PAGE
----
How to Select a Covering for your Corona Treater
The Purpose of Corona Treaters
Plastic films are non-porous and typically have low surface tension. Inks, coatings, and adhesives do not readily wet out or adhere. Corona treatment raises the surface energy of these materials in a way that is uniform and not discernible to the eye.
A corona treater station for treating polymer films consists of a high voltage and high-frequency power supply or generator, a linear electrode, and a grounded roller with a small air gap between the electrode and the roller. The corona discharge propagates from the electrode to the film surface.
How a Corona System Works
The high voltage and high frequency imposed on the electrode causes the air between the electrode and roller to breakdown into a plasma. Plasma is a state of matter in which some of the outer electrons are stripped off of the gas molecules making and electrically conductive and chemically active kind of soup. The plastic film is briefly passed through the plasma/corona which acts to chemically modify and micro-roughen the surface of the film in a way that increases its surface energy.
Coverings Used For Corona Treater Rollers
Dielectrics that are used on the grounded metal roller include CSM rubber (originally DuPont Hypalon), silicone rubber, epoxy and epoxy/fiber composites, glass, and ceramic. Some of the first dielectrics used on rollers were CSM and silicone rubber before epoxy coverings were introduced to make the grounded roller cover more durable.
With multiple options available for coverings, it is important to keep these pros & cons of each in mind when selecting your covering:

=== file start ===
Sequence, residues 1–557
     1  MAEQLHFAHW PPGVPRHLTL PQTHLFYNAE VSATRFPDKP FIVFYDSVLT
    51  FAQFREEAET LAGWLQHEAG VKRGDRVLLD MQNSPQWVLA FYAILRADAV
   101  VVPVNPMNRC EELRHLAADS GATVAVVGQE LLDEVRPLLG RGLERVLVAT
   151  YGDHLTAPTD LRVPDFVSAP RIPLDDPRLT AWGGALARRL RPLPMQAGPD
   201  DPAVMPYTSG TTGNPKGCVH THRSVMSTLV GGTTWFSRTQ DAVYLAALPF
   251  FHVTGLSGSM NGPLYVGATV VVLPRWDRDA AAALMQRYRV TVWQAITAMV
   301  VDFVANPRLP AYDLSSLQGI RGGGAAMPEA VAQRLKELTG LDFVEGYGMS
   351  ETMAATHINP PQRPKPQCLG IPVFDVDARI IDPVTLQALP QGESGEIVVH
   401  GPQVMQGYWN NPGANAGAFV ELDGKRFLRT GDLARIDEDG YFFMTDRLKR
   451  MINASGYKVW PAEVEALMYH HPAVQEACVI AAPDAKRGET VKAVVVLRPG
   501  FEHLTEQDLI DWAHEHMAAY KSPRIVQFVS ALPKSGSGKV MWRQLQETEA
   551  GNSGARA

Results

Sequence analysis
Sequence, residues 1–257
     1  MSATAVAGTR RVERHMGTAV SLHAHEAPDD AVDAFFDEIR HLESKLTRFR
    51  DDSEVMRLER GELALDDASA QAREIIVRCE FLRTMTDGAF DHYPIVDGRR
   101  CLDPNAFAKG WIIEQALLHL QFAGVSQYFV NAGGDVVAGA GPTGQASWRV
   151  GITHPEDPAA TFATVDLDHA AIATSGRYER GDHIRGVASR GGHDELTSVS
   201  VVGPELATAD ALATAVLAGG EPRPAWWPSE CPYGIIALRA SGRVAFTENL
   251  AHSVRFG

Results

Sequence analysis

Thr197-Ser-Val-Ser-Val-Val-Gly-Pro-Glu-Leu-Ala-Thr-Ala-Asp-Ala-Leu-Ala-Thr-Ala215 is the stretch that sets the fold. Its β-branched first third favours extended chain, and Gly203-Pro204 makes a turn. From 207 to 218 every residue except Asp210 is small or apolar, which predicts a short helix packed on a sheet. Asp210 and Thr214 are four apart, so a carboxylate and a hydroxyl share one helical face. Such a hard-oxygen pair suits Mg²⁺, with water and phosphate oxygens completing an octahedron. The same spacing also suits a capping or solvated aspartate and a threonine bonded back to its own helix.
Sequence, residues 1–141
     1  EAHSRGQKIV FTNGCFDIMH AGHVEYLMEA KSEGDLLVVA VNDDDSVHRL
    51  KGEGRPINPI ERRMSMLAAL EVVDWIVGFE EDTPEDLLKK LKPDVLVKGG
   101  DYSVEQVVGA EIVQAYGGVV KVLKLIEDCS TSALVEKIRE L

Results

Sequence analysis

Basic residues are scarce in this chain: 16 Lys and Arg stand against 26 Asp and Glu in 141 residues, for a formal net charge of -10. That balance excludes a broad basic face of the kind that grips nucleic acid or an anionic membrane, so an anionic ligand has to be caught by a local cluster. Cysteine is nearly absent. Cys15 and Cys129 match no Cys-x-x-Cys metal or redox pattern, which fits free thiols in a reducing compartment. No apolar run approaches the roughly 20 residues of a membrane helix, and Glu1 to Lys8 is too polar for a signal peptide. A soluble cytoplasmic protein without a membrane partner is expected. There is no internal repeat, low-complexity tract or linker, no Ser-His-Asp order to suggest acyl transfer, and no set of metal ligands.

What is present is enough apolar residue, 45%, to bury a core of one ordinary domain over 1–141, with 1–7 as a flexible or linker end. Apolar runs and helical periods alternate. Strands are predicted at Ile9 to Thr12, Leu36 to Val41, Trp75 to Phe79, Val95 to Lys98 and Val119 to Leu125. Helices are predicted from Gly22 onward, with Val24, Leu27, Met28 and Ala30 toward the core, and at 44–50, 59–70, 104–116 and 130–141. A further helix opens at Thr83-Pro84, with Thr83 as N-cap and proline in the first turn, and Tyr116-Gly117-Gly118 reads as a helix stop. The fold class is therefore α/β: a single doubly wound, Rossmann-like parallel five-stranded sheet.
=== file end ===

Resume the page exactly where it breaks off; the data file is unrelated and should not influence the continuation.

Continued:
- Good Insulator
- Good Web Traction
- Affected by high humidity, reducing insulating properties
- Silicone Rubber:
- Excellent insulator but poor abrasion resistance
- High web traction allows the use of lightweight web-driven rollers
- Much more cut & wear-resistant than CSM/Silicone Rubber
While CSM, silicone rubber, and epoxy are considered the more affordable choice, it is important to keep in mind that these three options are all subject to repeated chemical attacks by the same corona that is treating the film. Over time, this corona can oxidize organic components in the rubber or epoxy turning them into carbon dioxide and water, leaving behind the non-reactive or inert components like mineral filters. These mineral filters will leave a dusty layer on the roller surface.
In extreme cases, this erosion effect can make grooves or pits
in the roller surface filled with powder.
- Glass & Ceramic:
- Typically half the thickness as the organic coverings
- Not affected by the direct chemical attack of the corona
- Excellent cut & abrasion resistance
- Can handle two times the wattage of rubber or epoxy coverings of the same surface area or the roller’s diameter can be reduced
- Longer product life
- Considerably more expensive than organic counterparts
While glass and ceramic are similar in their resistance to oxidation and the ability to handle more wattage, there are some important differences between the two. Compared to ceramic, glass has a lower impact resistance, lower thermal conductivity, and is more easily damaged by static electricity.
Which Roller Covering is the Best?
All roller coverings can produce excellent results in terms of the treatment level and uniformity if the corona system is properly tuned and maintained, but each type has its limitations. Silicone, CSM, and epoxy coverings are generally low in cost and produce good results for most applications. Epoxy is much more resistant to cuts and abrasions than the others, but they all can be attacked by oxidation of the corona. Corona power levels are somewhat limited because the materials are not thermally conductive.
High line speeds or difficult to treat materials may require power levels above what silicone, CSM, and Epoxy can safely handle. Ceramic and glass coverings can handle double the power levels if the rollers are air-cooled, and four times the power if water-cooled. Some technical people feel that ceramic also produces more uniform charge density in the corona because of its relatively high capacitance.
Deciding which of the covering materials are best depends on the specific requirements and demands of your application. If several coverings will work, then the costs and benefits of each have to be evaluated. However, certain applications that require specific properties be met, your choices are often limited. Other times the choices are very limited with certain applications that require specific properties.
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